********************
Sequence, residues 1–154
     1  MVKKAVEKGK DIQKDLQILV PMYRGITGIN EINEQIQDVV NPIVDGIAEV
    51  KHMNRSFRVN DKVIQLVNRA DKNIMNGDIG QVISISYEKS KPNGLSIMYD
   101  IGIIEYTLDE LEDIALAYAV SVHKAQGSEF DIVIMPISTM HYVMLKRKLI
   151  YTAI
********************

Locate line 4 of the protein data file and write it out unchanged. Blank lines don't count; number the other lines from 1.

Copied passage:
   101  IGIIEYTLDE LEDIALAYAV SVHKAQGSEF DIVIMPISTM HYVMLKRKLI